Community Help in Park Slope Struggles to Keep Up with Influx of Migrants

Tags: Currents Brooklyn, NY, Faith, Queens, NY

By Jessica Easthope

Lunch is served at Community Help in Park Slope, the Brooklyn staple has been a constant for those in need, but these days lines are longer and portions are smaller. They used to max out at 180 people-a-day, now CHiPS is feeding double.

“We want to make sure everyone gets a meal, we don’t want to turn anyone away, even after we’re closed we’re still giving out sandwiches,” said Pauline Auguste the director of food services.

Pauline sees everything, the line outside and the food inside and tries to keep up with both, but recently she says she seen human beings who have become the face of desperation in New York City.

“The first day they came we saw kids with no shoes, no jackets, there was a little boy who stuck his hand inside of his t shirt and I had to walk away because I got so teary eyed, they’re not from here but they’re human and it’s heart-wrenching to see these things,” she said.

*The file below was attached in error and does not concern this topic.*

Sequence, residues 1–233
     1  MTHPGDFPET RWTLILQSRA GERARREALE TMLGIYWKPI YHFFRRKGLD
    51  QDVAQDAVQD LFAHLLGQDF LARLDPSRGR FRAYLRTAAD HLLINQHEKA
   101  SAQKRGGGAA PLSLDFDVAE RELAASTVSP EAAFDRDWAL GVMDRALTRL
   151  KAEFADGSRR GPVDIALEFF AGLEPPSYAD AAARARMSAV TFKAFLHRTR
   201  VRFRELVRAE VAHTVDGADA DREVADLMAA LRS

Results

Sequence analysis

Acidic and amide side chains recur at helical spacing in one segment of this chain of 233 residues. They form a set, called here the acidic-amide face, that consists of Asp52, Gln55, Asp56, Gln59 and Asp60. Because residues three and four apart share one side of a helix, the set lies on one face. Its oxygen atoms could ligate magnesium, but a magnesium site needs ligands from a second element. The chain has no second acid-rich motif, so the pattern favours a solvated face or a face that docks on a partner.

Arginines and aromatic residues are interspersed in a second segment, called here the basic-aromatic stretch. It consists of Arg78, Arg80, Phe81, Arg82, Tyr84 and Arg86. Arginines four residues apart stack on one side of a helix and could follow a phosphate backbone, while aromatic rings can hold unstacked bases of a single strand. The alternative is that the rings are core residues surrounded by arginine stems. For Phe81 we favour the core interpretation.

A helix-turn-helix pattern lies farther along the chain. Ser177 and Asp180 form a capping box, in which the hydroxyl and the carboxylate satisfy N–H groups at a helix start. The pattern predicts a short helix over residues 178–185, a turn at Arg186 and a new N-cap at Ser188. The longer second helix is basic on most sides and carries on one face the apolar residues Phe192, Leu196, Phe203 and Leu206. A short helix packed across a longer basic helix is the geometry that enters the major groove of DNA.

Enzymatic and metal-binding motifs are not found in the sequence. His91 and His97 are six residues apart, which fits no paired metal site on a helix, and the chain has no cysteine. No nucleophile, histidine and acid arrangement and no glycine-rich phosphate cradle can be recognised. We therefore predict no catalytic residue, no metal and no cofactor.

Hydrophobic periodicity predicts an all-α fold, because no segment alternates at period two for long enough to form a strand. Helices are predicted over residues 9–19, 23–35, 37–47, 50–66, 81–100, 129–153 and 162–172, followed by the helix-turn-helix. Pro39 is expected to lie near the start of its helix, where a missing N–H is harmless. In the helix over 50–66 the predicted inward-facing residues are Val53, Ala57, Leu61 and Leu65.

There are more than 41,000 migrants, many don’t speak English, they can’t find legal work and are living out of hotels and emergency shelters with no place to cook.

“I have a passion for feeding hungry people but the demand is increasing, we’re kind of getting eaten out of house and home, we’re a very small kitchen and the demand is reaching our capacity,” said Matthew Caban the chef at CHiPS.

Matthew holds his food to a higher standard but he’s running out, trying to make quality meals from scraps. Still CHiPS is firm on a promise to the community no one will be turned away.

“It’s going to get to the point where I’m scraping the bottom of my fridge just to make a meal and I know we’re a soup kitchen but I don’t want to start serving soup every day, I try to make sure the food is of a certain quality and with the demand it’s starting to stress on that,” he said.

The pantry gets food from various city agencies, co-ops and private donations from residents and is spending nearly $1,000 a day on more food. Staff fear the day when everything runs out, and if the need stays at this pace – it won’t be long.

“We rely very heavily on our volunteers they have been very helpful but it’s depleting our funding because we’re utilizing more money to serve more people,” said Pauline.

“I’m a firm believer of treating others the way you want to be treated,” said Matthew. “Whatever I have I want to do, but it’s not enough, it’s not enough.”